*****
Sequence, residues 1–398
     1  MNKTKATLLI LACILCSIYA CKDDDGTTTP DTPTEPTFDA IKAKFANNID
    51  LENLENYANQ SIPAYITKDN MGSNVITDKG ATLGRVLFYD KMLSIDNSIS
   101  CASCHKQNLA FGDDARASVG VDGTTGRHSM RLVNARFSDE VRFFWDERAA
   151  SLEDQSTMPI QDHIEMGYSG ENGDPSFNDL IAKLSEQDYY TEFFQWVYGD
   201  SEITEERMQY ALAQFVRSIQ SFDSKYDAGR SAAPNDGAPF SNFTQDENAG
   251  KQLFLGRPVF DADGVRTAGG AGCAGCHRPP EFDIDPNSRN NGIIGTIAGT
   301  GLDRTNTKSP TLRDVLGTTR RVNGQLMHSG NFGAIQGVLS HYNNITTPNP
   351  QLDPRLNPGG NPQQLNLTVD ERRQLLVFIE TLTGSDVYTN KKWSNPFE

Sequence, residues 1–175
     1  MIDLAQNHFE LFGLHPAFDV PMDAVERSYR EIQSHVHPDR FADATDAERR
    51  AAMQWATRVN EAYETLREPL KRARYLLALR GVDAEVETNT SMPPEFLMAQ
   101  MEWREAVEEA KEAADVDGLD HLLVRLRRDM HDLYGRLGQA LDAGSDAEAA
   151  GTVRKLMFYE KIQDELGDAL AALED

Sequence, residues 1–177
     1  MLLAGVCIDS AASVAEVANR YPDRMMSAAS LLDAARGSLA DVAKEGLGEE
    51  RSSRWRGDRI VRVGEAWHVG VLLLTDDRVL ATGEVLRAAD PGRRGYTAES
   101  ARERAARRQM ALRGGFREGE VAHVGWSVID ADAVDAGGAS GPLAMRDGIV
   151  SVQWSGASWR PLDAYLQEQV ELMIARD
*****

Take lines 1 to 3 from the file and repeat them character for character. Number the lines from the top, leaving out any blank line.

Sequence, residues 1–398
     1  MNKTKATLLI LACILCSIYA CKDDDGTTTP DTPTEPTFDA IKAKFANNID
    51  LENLENYANQ SIPAYITKDN MGSNVITDKG ATLGRVLFYD KMLSIDNSIS